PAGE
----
Image and Vision Computing Referencing Guide

This is the Citationsy guide to Image and Vision Computing citations, reference lists, in-text citations, and bibliographies.
The complete, comprehensive guide shows you how easy citing any source can be. Referencing books, youtube videos, websites, articles, journals, podcasts, images, videos, or music in Image and Vision Computing.

How to do citations in Image and Vision Computing style?
cite Image and Vision Computing  — Referencing Guide



How do you cite a book in the Image and Vision Computing referencing style?

Here’s an example book citation in Image and Vision Computing using placeholders:
[1]
F.N. Last Name, Title, Edition, Publisher, City, 2000.
So if we want to cite, for example, “Harry Potter and the Philosopher’s Stone” by Joanne K. Rowling we’d do so like this:
Image and Vision Computing citation:
[1]
J.K. Rowling, Harry Potter and the Philosopher’s Stone, 1st ed., Bloomsbury Publishing Inc, London, 1997.
And an in-text citation book citation in Image and Vision Computing looks like this: [1]

How to reference a journal article in the Image and Vision Computing citation style?
How do you cite scientific papers in Image and Vision Computing format?

Here’s a Image and Vision Computing journal citation example using placeholders:
[1]
Author1 LastnameA.F., Author3 LastnameA.F., Title, Container. Volume (2000) pages Used. https://doi.org/DOI.
So if we want to reference this scientific article: “Testing consumer preferences for iced-coffee: Does the drinking environment have any influence?” by C. Petit and J.M. Sieffermann in Image and Vision Computing:
[1]
C. Petit, J. Sieffermann, Testing consumer preferences for iced-coffee: Does the drinking environment have any influence?, 18 (2007) 161-172. https://doi.org/10.1016/j.foodqual.2006.05.008.
And an in-text citation would look like this: [1]

How to cite a website in a paper in Image and Vision Computing style?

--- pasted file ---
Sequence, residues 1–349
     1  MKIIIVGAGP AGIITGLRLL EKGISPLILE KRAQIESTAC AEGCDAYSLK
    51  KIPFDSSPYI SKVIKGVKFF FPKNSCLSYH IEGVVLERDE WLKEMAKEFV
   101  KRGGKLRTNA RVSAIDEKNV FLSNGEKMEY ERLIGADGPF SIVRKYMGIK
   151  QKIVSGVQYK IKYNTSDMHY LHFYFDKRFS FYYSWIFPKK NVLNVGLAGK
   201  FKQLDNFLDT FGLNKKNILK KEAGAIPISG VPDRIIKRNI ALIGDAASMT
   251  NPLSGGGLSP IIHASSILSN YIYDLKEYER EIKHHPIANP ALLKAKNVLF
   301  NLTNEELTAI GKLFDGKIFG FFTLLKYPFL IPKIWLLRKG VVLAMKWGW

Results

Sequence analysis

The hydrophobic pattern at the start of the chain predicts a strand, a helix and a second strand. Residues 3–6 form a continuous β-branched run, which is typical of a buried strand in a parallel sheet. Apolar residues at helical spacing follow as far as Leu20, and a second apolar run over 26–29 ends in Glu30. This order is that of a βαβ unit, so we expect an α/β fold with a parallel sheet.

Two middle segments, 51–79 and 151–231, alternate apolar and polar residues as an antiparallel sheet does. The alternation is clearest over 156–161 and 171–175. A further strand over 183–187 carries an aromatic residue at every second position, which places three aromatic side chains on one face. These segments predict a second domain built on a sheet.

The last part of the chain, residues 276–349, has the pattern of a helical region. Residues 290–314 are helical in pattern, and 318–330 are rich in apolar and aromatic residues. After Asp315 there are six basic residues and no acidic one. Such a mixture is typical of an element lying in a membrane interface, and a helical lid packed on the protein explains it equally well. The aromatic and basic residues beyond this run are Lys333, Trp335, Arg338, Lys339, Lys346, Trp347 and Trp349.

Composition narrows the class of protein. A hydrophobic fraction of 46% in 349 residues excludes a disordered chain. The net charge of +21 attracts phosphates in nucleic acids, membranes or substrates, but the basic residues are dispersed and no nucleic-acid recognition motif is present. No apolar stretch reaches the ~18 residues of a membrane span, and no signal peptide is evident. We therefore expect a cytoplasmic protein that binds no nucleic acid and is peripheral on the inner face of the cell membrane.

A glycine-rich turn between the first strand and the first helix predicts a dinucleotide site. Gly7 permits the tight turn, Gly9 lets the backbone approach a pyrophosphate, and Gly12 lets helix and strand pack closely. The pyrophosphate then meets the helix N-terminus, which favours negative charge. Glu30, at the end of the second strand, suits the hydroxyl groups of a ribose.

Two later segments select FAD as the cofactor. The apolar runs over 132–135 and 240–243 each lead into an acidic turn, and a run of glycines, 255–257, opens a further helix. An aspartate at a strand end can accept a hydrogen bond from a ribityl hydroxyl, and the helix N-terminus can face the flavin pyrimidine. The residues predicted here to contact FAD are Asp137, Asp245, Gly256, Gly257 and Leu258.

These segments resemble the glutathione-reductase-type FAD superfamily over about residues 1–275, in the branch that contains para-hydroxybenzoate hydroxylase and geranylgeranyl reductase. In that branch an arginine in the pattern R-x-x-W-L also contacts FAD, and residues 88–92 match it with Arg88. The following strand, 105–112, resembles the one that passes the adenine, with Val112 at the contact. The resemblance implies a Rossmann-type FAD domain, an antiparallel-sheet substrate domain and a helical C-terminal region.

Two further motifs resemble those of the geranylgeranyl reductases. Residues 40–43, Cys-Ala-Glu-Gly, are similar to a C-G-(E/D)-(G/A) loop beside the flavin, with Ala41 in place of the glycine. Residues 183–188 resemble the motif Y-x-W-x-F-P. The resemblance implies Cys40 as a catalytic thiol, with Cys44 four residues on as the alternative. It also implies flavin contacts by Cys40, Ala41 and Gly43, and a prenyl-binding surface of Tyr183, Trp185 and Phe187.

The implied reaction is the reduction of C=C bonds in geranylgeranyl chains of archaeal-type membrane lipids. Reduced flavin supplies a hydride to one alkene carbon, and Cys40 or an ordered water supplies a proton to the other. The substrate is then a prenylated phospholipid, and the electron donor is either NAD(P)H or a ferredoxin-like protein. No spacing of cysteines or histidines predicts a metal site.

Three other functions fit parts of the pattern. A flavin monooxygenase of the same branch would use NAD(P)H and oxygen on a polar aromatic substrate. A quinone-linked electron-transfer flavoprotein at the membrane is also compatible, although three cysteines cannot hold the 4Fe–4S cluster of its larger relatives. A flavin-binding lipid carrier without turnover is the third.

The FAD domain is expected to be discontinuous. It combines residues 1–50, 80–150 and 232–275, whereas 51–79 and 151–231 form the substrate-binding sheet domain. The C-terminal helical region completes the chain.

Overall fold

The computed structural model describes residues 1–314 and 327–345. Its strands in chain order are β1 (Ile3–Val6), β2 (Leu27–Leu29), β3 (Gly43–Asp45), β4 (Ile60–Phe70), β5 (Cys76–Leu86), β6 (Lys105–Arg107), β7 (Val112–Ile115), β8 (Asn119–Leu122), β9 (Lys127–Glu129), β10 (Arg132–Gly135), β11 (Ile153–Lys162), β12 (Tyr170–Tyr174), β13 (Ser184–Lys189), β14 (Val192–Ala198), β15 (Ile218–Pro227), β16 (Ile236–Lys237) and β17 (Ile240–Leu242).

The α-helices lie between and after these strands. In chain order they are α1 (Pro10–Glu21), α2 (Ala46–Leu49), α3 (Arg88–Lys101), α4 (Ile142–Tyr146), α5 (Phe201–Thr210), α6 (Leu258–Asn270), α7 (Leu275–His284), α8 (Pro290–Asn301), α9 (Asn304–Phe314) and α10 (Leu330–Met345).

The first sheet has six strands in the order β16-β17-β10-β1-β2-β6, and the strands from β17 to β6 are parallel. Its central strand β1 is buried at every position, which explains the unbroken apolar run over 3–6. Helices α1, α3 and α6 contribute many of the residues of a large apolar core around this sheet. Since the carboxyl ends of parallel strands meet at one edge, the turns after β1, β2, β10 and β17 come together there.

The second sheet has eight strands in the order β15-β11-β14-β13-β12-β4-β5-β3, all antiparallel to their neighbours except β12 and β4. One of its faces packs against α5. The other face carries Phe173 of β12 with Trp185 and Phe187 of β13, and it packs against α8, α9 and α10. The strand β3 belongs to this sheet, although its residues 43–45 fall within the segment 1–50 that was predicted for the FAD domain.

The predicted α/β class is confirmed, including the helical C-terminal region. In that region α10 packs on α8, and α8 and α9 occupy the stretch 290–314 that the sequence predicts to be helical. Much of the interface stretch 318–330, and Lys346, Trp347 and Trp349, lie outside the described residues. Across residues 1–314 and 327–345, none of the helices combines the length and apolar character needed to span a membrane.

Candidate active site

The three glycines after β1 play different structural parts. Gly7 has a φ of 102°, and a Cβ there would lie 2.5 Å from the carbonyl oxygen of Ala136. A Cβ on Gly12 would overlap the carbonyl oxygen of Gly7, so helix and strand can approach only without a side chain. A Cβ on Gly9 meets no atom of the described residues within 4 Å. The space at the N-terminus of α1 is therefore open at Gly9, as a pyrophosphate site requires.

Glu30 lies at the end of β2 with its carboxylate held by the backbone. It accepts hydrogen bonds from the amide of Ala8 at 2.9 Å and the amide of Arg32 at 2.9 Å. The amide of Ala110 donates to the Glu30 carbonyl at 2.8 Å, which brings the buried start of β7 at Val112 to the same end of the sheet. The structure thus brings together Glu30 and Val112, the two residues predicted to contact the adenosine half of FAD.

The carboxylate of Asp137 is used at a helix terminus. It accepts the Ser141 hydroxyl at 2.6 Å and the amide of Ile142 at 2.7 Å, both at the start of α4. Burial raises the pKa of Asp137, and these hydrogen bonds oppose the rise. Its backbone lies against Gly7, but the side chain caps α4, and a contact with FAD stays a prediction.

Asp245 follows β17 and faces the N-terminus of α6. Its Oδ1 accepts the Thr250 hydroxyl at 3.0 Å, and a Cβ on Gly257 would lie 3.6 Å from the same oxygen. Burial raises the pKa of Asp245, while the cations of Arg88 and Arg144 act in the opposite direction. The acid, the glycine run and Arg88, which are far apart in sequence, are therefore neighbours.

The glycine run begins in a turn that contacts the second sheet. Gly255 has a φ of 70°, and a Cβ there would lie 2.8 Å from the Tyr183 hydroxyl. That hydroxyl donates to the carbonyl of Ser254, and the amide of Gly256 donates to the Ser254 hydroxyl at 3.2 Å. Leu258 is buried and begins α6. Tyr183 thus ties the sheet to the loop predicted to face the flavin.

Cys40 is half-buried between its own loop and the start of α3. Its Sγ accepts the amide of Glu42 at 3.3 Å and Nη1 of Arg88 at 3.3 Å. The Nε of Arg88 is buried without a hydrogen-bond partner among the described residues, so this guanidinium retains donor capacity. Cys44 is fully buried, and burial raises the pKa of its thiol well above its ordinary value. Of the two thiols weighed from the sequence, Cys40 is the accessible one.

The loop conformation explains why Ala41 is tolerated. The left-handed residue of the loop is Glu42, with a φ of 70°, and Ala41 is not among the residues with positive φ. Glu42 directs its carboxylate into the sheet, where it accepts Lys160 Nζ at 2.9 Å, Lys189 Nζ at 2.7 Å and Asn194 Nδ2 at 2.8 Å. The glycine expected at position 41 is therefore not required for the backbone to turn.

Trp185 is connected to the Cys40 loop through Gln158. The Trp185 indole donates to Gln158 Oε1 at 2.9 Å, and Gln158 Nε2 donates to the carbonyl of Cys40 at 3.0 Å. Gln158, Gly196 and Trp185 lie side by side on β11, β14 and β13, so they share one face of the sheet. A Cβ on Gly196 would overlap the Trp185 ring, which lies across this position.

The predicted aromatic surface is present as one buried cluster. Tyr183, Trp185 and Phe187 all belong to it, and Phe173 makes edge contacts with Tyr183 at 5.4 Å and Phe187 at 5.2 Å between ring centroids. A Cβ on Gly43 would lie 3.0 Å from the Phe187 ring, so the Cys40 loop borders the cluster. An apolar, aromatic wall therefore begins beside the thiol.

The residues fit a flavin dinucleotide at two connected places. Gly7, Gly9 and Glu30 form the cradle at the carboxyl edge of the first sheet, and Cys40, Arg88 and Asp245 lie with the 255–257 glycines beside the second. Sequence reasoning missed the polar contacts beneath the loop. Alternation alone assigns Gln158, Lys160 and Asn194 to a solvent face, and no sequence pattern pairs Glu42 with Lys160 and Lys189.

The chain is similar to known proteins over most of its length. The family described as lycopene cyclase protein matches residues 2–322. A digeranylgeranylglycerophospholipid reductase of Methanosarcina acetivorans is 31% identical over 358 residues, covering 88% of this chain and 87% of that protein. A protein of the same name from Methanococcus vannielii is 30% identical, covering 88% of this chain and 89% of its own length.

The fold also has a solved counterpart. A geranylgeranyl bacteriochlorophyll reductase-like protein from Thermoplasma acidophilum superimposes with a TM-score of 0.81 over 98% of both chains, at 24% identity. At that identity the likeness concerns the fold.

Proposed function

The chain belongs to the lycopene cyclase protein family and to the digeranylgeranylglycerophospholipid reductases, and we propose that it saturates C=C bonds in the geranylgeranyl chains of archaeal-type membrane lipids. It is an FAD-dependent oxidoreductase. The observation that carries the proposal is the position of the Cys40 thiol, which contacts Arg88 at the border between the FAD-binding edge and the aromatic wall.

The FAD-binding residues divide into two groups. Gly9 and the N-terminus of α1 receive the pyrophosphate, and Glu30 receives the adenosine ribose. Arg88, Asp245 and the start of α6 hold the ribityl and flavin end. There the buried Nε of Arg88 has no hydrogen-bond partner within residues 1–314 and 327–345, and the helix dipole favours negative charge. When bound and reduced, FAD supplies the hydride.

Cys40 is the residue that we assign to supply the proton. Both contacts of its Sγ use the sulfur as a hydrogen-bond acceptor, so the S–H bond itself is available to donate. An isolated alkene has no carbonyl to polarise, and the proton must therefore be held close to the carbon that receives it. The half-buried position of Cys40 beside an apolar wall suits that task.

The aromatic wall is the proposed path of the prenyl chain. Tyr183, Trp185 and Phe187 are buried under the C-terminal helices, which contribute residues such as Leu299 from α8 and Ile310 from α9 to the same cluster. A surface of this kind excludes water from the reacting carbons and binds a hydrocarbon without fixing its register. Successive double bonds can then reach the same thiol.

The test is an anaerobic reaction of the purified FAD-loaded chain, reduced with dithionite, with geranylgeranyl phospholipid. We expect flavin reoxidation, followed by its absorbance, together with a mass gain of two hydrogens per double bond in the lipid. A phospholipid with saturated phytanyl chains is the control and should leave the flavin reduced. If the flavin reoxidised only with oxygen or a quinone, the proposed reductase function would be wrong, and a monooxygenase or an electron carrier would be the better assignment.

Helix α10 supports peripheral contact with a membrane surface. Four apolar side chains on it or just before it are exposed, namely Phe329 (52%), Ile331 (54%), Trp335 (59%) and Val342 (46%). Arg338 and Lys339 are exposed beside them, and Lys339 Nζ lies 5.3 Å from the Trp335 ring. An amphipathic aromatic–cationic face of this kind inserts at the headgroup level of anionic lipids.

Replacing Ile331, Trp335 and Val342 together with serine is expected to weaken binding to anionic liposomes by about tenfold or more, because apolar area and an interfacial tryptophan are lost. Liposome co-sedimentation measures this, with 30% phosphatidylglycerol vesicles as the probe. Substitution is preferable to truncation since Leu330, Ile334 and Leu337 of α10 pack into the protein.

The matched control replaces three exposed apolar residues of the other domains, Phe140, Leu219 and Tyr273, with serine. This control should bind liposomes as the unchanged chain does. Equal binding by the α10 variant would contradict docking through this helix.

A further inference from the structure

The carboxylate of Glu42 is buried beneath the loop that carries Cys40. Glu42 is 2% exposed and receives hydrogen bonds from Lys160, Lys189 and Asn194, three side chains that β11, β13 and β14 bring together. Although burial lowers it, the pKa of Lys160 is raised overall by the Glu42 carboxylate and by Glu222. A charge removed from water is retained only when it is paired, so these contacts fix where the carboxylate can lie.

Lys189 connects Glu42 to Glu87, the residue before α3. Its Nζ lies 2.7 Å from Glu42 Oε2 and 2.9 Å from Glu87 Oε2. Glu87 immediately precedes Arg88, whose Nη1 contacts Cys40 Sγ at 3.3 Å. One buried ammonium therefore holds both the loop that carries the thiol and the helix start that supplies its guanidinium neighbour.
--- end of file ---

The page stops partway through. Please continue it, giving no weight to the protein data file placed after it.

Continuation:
Here’s an Image and Vision Computing example website reference:
[1]
Author1 LastnameA.F., Author2 LastnameA.F., Title, (2000). https://www.example.com (accessed June 3, 2020).
To reference the article located at this link:
https://www.theguardian.com/world/2008/nov/05/uselections20083
on The Guardian website:
[1]
M. Tran, Barack Obama To Be America’s First Black President, (2008). https://www.theguardian.com/world/2008/nov/05/uselections20083 (accessed June 3, 2020).
And an in-text citation would look like this: [1]

Citing websites and links in Image and Vision Computing is much easier with the Citationsy Chrome Extension →

How to cite a YouTube video Image and Vision Computing

Here’s a Image and Vision Computing citation YouTube video example:
[1]
ChannelName, Title, YouTube. (2000). https://www.youtube.com/watch?v=XXXXXX (accessed June 3, 2020).
So how to cite a video Image and Vision Computing?
[1]
Pixar, Pizza Clip — Inside Out, YouTube. (2015). https://www.youtube.com/watch?v=8W6rntBADUQ (accessed June 3, 2020).
And an in-text video citation would look like this: [1]

How to cite a podcast using Image and Vision Computing referencing style

It is becoming more and more common to reference podcasts in essays or other school work.
Here’s how to reference a podcast it in Image and Vision Computing.
[1]
F. Lastname, Title, (2000). http://www.example.com (accessed June 3, 2020).
Podcast referencing example in Image and Vision Computing using “This American Life” episode 640:
[1]
This American Life, 640: Five Women, (2018). https://thisamericanlife.org/640/five-women (accessed June 3, 2020).
And an in-text citation would look like this: [1]

How to cite a piece of music or a song using Image and Vision Computing referencing style?

An example song citation in Image and Vision Computing.
[1]
F. Lastname, Song Title, 2000. http://www.example.com (accessed June 3, 2020).
Let‘s say we want to reference “Here Comes the Sun” off The Beatles “Abbey Road” album in Image and Vision Computing:
[1]
The Beatles, Here Comes the Sun, 1969. https://itunes.apple.com/us/album/here-comes-the-sun/401186200?i=401187150 (accessed June 3, 2020).
And an in-text citation would look like this: [1]


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